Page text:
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Sallie Mae, Gallup release first national study of ’How America Pays for College’


Many families do not consider costs when deciding how to pay for college, parents worried economy will affect their ability to pay the tuition bill.

RESTON, Va.—College students and their parents see higher education as a critical investment in the future, but according to a national study of college-going families released today by Sallie Mae and Gallup, many overlook the cost of college as they select their school and do not consider post-graduation income as they decide whether and how much to borrow to pay for college.

The study of 1,400 undergraduate students and parents, “How America Pays for College,” reveals that:

* While 58 percent of families reported ruling out schools because of cost at some point during the application process, another 42 percent of families did not limit their search based on cost—even after reviewing financial aid packages.
* In total, 70 percent of students and parents said a student’s expected post-graduation income either was not considered or did not make a difference on their borrowing decisions.
* Sixty percent of parents are worried that institutions will raise tuition, followed by 51 percent noting concern that loan rates will increase. Significant percentages of parents also expressed anxiety that student loan money will be less available, their savings will decline, or the value of their homes will decrease.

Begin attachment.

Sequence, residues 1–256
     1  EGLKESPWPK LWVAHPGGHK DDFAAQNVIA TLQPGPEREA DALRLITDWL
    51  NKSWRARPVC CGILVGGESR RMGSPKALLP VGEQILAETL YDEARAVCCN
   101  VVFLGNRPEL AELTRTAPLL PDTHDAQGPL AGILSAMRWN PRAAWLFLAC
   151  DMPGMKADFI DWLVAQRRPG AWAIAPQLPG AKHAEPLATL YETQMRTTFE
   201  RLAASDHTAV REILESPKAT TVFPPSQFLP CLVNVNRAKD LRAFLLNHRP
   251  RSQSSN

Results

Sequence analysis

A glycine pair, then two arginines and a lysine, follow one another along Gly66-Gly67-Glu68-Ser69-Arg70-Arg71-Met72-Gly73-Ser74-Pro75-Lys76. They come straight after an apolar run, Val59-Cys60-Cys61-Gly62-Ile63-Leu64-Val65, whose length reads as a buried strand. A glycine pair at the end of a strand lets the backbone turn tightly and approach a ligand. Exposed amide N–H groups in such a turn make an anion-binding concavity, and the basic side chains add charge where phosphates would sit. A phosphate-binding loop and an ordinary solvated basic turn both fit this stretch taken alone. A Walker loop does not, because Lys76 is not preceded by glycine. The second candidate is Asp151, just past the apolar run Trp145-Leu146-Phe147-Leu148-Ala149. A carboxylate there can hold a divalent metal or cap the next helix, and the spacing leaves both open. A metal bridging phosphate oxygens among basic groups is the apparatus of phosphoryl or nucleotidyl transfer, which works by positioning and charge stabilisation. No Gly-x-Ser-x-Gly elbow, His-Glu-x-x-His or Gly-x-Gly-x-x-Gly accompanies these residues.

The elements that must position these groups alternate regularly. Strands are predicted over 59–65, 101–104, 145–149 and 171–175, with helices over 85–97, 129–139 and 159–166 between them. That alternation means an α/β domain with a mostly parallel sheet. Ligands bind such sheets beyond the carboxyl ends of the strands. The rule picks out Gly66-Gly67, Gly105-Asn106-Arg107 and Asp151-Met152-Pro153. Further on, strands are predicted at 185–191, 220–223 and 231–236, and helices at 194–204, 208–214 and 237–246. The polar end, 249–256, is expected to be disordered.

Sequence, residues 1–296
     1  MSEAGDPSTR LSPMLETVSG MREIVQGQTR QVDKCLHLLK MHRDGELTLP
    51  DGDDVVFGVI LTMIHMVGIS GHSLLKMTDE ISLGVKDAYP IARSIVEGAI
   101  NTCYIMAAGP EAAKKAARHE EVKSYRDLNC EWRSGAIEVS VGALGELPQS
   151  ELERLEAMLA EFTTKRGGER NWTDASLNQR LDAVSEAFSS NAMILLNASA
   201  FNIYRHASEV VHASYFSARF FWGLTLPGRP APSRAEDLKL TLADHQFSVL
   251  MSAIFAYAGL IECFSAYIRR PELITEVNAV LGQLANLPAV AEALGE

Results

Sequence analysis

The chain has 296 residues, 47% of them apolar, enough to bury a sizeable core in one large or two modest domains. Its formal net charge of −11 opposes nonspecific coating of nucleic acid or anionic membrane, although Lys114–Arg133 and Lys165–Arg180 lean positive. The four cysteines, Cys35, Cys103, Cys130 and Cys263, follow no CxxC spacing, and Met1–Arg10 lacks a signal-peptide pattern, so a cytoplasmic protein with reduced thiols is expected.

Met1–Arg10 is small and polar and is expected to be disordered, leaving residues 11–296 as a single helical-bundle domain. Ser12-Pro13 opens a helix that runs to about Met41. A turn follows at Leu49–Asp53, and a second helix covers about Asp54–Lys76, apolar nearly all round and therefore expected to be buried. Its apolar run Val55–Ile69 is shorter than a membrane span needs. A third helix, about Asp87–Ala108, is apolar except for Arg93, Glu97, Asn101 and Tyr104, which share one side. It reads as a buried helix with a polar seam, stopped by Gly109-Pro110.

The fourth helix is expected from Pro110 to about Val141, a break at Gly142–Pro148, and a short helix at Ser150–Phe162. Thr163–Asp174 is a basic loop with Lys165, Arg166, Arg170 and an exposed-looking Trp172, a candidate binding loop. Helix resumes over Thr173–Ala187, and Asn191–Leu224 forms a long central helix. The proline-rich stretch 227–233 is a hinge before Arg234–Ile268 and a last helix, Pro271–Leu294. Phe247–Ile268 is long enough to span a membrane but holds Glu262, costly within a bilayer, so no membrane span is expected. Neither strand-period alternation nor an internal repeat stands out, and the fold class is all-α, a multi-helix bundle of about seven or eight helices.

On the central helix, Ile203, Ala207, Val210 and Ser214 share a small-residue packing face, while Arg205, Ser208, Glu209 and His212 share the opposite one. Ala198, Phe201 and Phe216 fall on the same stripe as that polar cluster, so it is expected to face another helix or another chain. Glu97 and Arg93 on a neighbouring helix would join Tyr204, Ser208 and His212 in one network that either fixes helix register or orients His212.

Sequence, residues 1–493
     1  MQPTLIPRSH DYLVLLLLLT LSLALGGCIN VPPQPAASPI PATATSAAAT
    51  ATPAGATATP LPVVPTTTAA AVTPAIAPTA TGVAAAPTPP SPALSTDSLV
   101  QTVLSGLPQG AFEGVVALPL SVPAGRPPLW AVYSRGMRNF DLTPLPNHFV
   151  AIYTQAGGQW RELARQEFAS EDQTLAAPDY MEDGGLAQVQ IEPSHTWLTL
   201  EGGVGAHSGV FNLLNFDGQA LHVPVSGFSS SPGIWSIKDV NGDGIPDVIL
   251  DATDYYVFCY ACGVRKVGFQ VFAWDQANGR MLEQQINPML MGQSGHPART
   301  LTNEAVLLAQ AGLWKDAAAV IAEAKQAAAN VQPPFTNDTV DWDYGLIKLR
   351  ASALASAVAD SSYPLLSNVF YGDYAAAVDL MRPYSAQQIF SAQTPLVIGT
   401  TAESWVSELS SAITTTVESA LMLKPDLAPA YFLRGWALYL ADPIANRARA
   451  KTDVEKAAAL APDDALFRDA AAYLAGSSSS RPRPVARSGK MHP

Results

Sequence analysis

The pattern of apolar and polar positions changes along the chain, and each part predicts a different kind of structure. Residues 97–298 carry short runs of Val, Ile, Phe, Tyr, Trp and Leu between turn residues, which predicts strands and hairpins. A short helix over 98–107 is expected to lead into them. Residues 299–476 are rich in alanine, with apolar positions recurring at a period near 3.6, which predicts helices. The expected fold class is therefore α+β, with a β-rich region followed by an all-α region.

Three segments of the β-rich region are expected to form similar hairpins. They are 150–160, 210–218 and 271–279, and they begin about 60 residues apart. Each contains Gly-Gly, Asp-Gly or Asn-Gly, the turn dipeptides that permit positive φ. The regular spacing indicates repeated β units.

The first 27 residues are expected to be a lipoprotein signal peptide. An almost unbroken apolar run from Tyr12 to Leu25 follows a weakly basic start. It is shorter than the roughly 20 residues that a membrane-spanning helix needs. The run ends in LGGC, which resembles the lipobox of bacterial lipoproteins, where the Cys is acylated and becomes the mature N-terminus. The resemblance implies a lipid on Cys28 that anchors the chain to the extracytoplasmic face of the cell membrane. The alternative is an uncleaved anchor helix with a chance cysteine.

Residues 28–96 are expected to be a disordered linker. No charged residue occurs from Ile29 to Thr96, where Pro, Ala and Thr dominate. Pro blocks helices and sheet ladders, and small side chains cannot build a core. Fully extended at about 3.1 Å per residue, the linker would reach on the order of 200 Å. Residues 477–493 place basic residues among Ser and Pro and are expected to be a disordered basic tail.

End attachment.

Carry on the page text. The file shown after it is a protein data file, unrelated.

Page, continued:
* While credit card use for college expenses is relatively low in total (3 percent of students and 3 percent of parents charged part of their expenses) those who used credit cards to pay for college cited emergency cash flow problems as the No. 1 reason.
* Three percent of all families reported tapping home equity to contribute nearly $11,000 toward their child’s college education last year. Nearly three-quarters (73 percent) of these parents plan to borrow against home equity again to fund their child’s education for the coming school year.
* While nearly nine out of 10 families (89 percent) with annual income below $35,000 filled out the Free Application for Federal Student Aid (FAFSA), this number drops off considerably to only 76 percent for families with annual incomes between $35,000 and $50,000, and continues to fall as income rises.

“While the study once again illustrates the importance of a college education to Americans, it also points to areas of focus for all of us interested in higher education,” said C.E. Andrews, president, Sallie Mae, the nation’s leading provider of saving- and paying-for-college programs. “For example, too few parents and students are focusing on the total cost of college, not enough are using available college savings tools, too many are borrowing without considering how they will repay, and too many are not completing federal financial aid forms that enable them to access free federal financial aid and lower-cost student loans. For our part, Sallie Mae is committed to making it easier for families to navigate the financial aid system. For example, we counsel customers to follow a ‘1-2-3 approach’ to paying for college so that they exhaust grants and scholarships, explore federal loans and fill any gap with private education loans.”